What happens when governments rely on self-targeted relief programs to mitigate an economic fallout? I study the Paycheck Protection Program (PPP), a large and unprecedented small business loan program enacted as a response to the COVID-19 crisis in the U.S. with the goal of preserving jobs. The program was self-targeted by nature and small businesses regardless of need can apply. This paper assesses the extent to which governments can rely on firms to self-select into these programs based on the government's objective of preserving jobs. I show using a theoretical model that firm optimal behaviour is asymmetric to government objective, and the design of the PPP does not skew to firms that would layoff the most employees. Empirical analysis shows some evidence of self-targeting by firms in the early days of the program, but the effect was marginal and eventually neutralized as the pandemic progressed. I estimate that only 30% of total grants provided to businesses reached the government's desired objective and allowed for full employment restoration, while at least 17% of grants had close to no effect on employment. With the need of delivering aid to businesses quickly in mind, this paper suggests that the efficiency of PPP would greatly increase with some "low-cost" targeting based on need and the implementation of an ordeal mechanism to discourage resilient firms from applying.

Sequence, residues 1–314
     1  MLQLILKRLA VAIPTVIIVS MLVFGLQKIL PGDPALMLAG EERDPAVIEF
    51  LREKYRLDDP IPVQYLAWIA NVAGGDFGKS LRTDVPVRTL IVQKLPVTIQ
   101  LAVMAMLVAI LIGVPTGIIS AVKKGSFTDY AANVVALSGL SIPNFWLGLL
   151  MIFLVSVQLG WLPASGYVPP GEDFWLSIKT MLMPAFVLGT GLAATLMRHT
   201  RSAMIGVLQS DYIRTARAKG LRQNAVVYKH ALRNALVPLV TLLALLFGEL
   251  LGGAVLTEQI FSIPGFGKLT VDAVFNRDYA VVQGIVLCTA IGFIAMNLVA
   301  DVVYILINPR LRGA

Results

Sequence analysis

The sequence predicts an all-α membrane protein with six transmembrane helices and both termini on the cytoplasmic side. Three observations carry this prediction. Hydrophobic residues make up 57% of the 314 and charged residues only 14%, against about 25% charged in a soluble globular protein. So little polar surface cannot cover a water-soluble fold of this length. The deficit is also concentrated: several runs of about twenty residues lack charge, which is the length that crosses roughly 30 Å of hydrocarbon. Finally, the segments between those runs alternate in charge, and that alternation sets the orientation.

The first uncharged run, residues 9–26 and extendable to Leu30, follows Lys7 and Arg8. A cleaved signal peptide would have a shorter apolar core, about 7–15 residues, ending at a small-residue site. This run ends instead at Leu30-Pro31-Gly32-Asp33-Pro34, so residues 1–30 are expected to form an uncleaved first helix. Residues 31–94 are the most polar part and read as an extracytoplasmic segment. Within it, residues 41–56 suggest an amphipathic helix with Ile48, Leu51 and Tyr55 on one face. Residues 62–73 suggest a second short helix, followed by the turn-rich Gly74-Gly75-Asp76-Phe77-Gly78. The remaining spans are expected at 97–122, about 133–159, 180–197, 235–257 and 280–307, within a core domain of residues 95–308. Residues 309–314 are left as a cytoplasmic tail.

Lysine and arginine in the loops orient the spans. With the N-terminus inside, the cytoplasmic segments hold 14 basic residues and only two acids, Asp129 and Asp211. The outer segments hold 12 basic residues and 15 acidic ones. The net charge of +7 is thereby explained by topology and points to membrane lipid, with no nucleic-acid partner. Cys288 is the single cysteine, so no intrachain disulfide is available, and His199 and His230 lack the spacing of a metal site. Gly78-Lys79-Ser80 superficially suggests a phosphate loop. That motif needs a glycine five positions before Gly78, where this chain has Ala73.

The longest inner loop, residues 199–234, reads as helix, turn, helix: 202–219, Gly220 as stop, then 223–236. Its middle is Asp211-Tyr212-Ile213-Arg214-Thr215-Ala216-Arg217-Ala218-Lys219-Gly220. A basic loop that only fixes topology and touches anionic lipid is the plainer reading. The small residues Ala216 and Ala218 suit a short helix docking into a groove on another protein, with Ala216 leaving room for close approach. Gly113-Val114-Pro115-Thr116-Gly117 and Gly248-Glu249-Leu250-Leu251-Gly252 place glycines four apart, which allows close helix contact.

Table of Contents
Introduction (Page 1) Basics of the Paycheck Protection Program (Page 5) Model (Page 9) Setup (Page 9) Empirical Evidence (Page 19) Data (Page 19) First Stage of Self-Targeting: Applying (Page 19) Second Stage of Self-Targeting: Loan Forgiveness (Page 31) Discussion (Page 35)
About this Honors Thesis
|Committee Chair / Thesis Advisor|
|The $900 Billion Paycheck Protection Program: Can a Self-Targeted Relief Program Achieve Optimal Allocation? ()||2022-05-13 17:06:17 -0400||